Why is my philodendron turning yellow and brown? Plant experts identify the culprits

If you're wondering, "Why is my philodendron turning yellow and brown?" our experts reveal the answers

Close-up of a philodendron in a terracotta pot in a sunny space
(Image credit: Getty Images/Damian Lugowski)

Though fairly easy to maintain, you might ask, "Why is my philodendron turning yellow and brown?" At times, the low-fuss flora can give us plant parents a few minor difficulties, including discoloration. 

Keeping track of greenery requires plenty of TLC and catering to specific needs, so if this is one of the leafy companions you've chosen for your collection, allow our experts to help nurse them back to their green selves.

These indoor plants continue to wow us, so we think it's time to nip these easy issues in the bud so we can help them grow, fuss-free. 

Why is my philodendron turning yellow and brown?

You'll find that a yellow or brown leaf is likely due to how often to water philodendrons. They're not one for being over hydrated, and too much H20 can have a negative effect on the 1-800-Flowers 2024 Plant of the Year

"Too much water can drown the plant and cause root rot," says Alfred Palomares, vice president of merchandising at 1-800-Flowers. "Yellowing or browning leaves will often signal to plant parents that their plant has been sitting in too much water. Be sure your planter has good drainage to allow any excess water to drain away from your plant."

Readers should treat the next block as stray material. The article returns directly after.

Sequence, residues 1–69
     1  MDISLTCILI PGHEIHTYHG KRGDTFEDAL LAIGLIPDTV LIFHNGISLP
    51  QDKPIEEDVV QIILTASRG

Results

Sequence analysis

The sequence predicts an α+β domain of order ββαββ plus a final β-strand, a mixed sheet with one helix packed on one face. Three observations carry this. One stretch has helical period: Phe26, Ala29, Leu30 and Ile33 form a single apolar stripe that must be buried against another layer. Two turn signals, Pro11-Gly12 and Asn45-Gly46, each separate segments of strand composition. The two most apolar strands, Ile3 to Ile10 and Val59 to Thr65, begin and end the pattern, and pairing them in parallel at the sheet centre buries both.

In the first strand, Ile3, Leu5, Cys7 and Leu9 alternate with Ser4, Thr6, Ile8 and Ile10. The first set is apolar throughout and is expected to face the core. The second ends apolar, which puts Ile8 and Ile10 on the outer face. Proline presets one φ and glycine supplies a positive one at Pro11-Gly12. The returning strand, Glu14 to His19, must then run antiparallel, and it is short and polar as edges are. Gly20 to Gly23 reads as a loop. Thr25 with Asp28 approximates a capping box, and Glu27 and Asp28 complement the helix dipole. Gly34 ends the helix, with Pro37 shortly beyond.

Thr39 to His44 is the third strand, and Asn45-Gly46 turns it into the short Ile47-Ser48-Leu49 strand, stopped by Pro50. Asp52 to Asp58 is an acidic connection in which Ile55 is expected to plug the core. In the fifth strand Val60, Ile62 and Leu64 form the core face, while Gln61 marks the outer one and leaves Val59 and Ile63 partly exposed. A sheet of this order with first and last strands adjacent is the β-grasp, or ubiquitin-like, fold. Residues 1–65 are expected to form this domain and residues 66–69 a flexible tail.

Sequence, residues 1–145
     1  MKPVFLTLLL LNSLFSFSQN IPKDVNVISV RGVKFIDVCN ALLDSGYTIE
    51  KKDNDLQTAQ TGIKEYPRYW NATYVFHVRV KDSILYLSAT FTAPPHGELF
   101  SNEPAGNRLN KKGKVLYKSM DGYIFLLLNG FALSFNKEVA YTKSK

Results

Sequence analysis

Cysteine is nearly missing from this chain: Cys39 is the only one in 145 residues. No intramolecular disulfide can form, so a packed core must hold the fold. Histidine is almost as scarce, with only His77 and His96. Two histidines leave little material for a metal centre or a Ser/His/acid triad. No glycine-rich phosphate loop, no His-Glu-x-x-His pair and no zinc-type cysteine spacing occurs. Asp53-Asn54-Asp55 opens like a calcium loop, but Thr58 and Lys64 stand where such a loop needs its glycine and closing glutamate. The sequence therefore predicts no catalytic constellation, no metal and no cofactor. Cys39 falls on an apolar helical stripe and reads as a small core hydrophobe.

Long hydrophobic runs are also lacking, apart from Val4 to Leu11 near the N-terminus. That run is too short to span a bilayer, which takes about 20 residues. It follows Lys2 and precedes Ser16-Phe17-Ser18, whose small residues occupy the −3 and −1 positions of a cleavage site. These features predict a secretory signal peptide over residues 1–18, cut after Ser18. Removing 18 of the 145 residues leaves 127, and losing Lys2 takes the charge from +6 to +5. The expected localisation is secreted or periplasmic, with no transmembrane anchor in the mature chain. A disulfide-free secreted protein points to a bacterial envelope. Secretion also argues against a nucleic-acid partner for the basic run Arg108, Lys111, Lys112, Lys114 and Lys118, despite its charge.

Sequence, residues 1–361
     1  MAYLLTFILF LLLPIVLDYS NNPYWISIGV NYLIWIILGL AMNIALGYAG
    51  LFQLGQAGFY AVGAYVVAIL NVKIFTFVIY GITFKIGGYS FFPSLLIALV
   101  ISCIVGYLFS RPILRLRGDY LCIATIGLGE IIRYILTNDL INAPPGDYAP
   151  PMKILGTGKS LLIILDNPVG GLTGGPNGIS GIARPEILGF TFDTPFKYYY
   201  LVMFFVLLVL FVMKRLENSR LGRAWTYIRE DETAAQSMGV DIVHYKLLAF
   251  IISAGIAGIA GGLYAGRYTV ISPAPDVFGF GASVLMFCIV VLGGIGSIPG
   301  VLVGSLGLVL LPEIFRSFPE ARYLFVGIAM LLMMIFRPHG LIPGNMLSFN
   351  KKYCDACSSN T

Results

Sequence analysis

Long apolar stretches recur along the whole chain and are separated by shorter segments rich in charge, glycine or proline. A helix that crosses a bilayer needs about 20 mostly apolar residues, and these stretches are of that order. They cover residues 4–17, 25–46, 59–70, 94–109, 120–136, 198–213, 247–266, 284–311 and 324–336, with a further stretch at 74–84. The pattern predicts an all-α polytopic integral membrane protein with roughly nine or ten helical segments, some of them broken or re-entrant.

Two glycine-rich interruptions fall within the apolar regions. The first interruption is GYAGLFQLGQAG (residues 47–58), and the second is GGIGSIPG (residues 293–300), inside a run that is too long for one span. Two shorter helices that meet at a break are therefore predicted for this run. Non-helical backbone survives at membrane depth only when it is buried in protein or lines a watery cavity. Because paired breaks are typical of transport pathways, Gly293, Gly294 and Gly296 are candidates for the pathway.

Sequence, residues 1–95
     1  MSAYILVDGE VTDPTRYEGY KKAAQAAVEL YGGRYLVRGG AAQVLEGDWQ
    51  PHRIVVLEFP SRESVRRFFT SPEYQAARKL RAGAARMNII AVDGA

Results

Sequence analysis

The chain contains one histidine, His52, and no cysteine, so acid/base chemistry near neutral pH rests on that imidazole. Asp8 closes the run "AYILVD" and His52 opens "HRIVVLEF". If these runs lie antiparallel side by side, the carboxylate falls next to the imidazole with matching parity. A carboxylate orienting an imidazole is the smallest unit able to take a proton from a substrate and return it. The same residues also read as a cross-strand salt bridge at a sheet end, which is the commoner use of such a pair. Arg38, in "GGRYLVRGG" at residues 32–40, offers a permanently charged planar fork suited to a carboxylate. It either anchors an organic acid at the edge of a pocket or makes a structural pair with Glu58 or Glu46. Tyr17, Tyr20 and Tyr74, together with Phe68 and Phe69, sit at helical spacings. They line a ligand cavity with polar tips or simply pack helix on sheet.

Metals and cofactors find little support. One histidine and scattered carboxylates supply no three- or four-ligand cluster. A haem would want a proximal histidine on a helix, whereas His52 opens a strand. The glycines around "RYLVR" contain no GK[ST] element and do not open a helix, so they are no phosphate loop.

Speaking of draining, it's equally important to have your plants in an appropriate soil, as this can also contribute to discoloration. Like the best soil for succulents, philodendrons should be planted in a mixture that allows for quick drainage. 

Miracle-Gro 6qt Tropical Potting Mix from Target could be a solid option, or if you want to go the route of all-natural ingredients, Gardenia's Premium Philodendron Soil on Amazon does just that. It comes in a variety of sizes and raked in 4.4/5 stars from shoppers. 

And just so you know, as the proud plant parent of a philodendron, you're going to need to find your baby a new home, so scope out cute plant pots with drainage. The Isabella 6-inch planter from The Sill gets the job done and looks cute in the process. 

"For additional care, your plant will eventually need repotting, when you see the roots growing out of the bottom of its containers, or it starts to become root bound," Alfred says. 

Another reason why your greenery might not be green is due to where you place it. Be mindful that philodendrons like bright indirect light, but if they're getting too much sun exposure, it could be harmful. 

"I do recommend avoiding spaces with direct sunlight as it can brown and burn the plants leaves," Alfred adds. 

Alfred Palomares
Alfred Palomares

Alfred Palomares is the vice president of merchandising, and resident plant dad at 1-800-Flowers.com. He chooses to style the 2024 Flower of the Year on his dining room table, and the 2024 Plant of the Year amongst the rest of his greenery collection.

If you're still getting the hang of gardening in an apartment, opt for easy houseplants that are low maintenance and stunning to boot. It's a good way to get your feet wet in the world of plants. 

Danielle Valente
Content Editor

Pleasure to meet you! I'm Danielle, a content editor at Real Homes who loves scoping out interior trends. I've specialized in lifestyle writing and editing for 10 years with a focus on events, food, and books, among other areas. When I'm not working, I'm usually cooking, reading, or searching for a new project for my apartment.